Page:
Joseph Bayer

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For the composer, see Josef Bayer.

Joseph Bayer (1846–1900) was an importer and wholesaler of wines and liquors who served one term on the Los Angeles, California, Common Council, the legislative branch of the city.


Bayer was born November 1, 1846, in Wurtemberg, Germany, and came to the United States as a boy. In 1870 he journeyed to California and settled in Los Angeles, and he became a naturalized citizen that year.[1] He married K.B. (or Katharine P.) Happ of Buffalo, New York, and they had a son, Alfred J.[2][3]

He died July 26, 1900, in his home at 746 South Broadway, the cause being given as diabetes.[4] In 1906, his widow married William W. Hoagland.[3]


Bayer enlisted in the Union Army at the outbreak of the American Civil War and served three years. In 1872 he set up a wholesale liquor and winery enterprise, with an importing business at Requina and Main Streets, Los Angeles, and remained there eighteen years, except for two years that he spent in Phoenix, Arizona.[2] Bayer, who was seen also as a "well-known caterer and saloonist," [5] was associated in various businesses with C.F.A. Last[4] and also with a man named Sattler. Bayer's establishment, known as Joe Bayer's, was the meeting place of "a sort of Deutscher Klüb," recalled local writer Harris Newmark in his history of that period.[6]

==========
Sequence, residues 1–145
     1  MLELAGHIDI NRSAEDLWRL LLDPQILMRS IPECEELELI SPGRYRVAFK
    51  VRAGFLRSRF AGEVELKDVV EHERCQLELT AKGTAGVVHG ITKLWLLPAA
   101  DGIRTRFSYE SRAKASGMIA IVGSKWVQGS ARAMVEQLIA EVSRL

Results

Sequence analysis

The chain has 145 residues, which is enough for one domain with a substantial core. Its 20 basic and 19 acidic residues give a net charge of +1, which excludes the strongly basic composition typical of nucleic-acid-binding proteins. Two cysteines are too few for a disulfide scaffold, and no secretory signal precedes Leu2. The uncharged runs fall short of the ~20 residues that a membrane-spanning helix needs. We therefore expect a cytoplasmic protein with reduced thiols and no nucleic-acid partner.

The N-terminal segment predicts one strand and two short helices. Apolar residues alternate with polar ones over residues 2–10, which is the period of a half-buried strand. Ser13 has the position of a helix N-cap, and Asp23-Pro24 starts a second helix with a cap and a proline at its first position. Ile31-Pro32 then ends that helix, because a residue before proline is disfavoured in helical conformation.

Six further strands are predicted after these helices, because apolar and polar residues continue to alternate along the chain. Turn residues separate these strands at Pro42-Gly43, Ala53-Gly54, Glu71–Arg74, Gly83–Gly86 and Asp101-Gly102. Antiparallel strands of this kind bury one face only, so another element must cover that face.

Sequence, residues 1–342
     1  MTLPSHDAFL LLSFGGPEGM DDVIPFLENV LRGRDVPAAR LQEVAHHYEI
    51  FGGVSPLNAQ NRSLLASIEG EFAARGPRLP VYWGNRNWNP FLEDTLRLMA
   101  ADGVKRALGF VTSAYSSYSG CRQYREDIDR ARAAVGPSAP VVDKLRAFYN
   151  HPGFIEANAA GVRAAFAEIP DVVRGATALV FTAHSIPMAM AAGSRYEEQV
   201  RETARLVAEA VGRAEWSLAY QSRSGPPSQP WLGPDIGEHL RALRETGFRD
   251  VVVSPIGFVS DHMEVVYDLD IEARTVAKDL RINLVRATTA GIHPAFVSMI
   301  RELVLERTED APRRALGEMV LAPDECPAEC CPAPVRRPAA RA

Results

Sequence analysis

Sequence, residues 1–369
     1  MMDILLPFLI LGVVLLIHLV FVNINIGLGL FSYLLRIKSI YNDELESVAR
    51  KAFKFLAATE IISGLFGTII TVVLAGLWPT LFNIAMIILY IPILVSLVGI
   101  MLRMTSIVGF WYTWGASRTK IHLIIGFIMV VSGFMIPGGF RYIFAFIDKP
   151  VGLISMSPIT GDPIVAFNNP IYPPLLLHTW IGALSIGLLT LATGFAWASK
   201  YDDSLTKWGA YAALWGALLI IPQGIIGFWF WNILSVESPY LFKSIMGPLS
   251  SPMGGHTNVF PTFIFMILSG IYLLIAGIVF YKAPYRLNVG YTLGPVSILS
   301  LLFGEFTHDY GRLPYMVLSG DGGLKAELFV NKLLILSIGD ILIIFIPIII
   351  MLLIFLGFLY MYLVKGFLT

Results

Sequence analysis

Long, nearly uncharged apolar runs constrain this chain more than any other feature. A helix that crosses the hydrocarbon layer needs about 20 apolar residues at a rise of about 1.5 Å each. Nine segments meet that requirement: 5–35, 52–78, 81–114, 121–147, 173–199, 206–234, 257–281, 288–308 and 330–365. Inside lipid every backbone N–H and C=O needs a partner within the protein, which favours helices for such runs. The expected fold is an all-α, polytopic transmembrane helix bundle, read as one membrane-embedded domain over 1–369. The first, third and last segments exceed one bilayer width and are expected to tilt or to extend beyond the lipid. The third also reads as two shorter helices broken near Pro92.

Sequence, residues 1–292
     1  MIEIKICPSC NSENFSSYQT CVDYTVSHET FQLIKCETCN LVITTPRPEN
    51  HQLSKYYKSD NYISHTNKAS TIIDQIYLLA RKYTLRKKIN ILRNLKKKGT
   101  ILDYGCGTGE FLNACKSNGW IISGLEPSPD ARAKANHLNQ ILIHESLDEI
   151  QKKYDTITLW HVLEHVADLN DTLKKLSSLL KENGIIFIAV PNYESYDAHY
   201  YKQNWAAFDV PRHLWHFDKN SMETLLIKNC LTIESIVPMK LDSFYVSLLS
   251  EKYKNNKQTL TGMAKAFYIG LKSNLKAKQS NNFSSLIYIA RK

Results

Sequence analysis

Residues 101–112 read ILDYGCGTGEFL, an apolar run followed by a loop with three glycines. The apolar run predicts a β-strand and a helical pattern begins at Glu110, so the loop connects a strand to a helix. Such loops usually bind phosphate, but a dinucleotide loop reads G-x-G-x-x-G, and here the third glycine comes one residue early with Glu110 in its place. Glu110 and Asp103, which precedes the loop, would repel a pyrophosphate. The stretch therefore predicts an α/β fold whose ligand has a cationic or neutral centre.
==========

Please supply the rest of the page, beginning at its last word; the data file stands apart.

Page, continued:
Bayer was the owner of a park at the junction of West First and West Second Streets,[7] where in that vicinity oil was first discovered in Los Angeles, in 1892. Afterward, he drew a "handsome steady income" from the royalties.[4][8]

Public service[edit]

Bayer was a one-term member of the Los Angeles Common Council, the legislative branch of the city.[4]

References and notes[edit]

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